An employee handles a washing machine drum unit during assembly on the production line at the Electrolux AB factory in Olawa, Poland, on Tuesday, Oct. 16, 2012. Electrolux AB is the world's second largest appliance maker. Photographer: Bartek Sadowski/Bloomberg

The boxy white and grey factory of this rainy northern town makes fewer than half the washing machines it did when Italy joined the euro. It is one of the many symbols of southern Europe’s industrial decline. Today, however, the Porcia plant is also a testing ground for the region’s industrial future.

Home appliance maker Electrolux, which owns the factory, wants to cut the salaries of some 5 000 workers at the plant and three other factories across Italy by up to 15 percent over the next three years. The Swedish company says lowering labour costs is the only way its washing machines, fridges and other home appliances can compete against rival products made in eastern Europe and Asia.

The Italian government, unions and workers say any wage cut will impoverish thousands of families who rely on the plant and its suppliers.

Then, Italy was the leading world exporter of home appliances. Now it is ranked third, far behind China, which has grabbed more than one-third of the e100 billion (about R1 trillion) global market. Like many others, the Porcia plant has progressively downsized.

The battle over Electrolux wages is at the heart of one of the most pressing dilemmas facing the battered economies of Italy and other southern European countries: competing needs to both cut costs, and spark growth.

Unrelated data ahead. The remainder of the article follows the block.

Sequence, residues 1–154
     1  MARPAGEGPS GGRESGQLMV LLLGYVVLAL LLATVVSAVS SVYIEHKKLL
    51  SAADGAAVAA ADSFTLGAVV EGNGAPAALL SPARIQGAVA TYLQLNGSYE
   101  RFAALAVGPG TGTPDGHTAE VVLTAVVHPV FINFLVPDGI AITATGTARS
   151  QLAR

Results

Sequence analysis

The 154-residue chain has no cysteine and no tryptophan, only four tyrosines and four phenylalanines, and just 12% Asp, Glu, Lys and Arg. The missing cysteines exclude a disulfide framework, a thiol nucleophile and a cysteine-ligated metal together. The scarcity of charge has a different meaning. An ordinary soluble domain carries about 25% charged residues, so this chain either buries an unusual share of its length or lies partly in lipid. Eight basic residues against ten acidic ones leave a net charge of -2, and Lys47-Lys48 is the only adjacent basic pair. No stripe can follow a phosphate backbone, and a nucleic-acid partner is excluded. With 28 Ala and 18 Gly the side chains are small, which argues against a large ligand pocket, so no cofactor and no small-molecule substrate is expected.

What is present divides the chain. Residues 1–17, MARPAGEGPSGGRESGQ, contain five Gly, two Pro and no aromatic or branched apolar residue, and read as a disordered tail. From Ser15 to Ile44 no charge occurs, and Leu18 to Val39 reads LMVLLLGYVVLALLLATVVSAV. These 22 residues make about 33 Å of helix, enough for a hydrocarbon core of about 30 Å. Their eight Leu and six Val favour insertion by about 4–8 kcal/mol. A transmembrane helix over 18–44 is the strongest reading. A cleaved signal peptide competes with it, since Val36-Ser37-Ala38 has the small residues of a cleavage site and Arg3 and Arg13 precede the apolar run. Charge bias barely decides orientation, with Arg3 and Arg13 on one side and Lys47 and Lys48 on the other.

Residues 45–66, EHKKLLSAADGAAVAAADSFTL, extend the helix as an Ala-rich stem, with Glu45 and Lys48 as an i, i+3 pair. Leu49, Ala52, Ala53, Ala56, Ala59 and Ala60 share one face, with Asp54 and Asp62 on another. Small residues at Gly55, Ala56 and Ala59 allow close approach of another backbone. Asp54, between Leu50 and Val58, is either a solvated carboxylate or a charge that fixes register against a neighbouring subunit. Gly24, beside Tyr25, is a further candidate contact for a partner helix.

Companies across Europe’s southern rim struggle because wages and prices have risen higher than their products can justify. But euro zone countries can no longer depreciate their currencies to make their products cheaper in foreign markets. That leaves so-called “internal devaluation” – pushing down wages and prices – as the best way to stay competitive.

Spain, Greece and Portugal have pushed through deep wage cuts and made it easier to hire and fire, allowing firms to trim the price of their goods. This has helped Spain’s economy grow for the first time since 2011. Italy, where labour costs are still high, is flatlining.

But there are risks. A squeeze on pay could choke off already feeble consumer spending because workers have less money to spend. And as producers lower prices, it risks triggering what economists call a “deflationary spiral”, in which consumers no longer buy goods, in the expectation that prices will continue to fall – a belief that creates a deeper recession.

Inflation helps countries lower their debt by increasing the money at their disposal to pay it off. Deflation, on the other hand, makes reducing debt harder because money is more expensive. It also puts companies off borrowing and investing. That’s a problem in Italy, which has e2 trillion in debt – the second-highest in the euro zone after Greece, as a share of gross domestic product.

“Pushing down wages is dangerous: The most worrisome consequence would be depressing consumption where there is already a demand crisis,” Carlo Devillanova, an economics professor at Milan’s Bocconi University, said.

In many ways, the factory in Porcia mirrors Italy’s economic rise and decline. It was built in the 1950s, just as the economic miracle that lifted Italy from the rubble of World War II got started. Lino Zanussi, whose blacksmith father Antonio had started out making stoves and ovens in a workshop in Pordenone in 1916, used the plant to help transform Zanussi into a top European home appliance maker.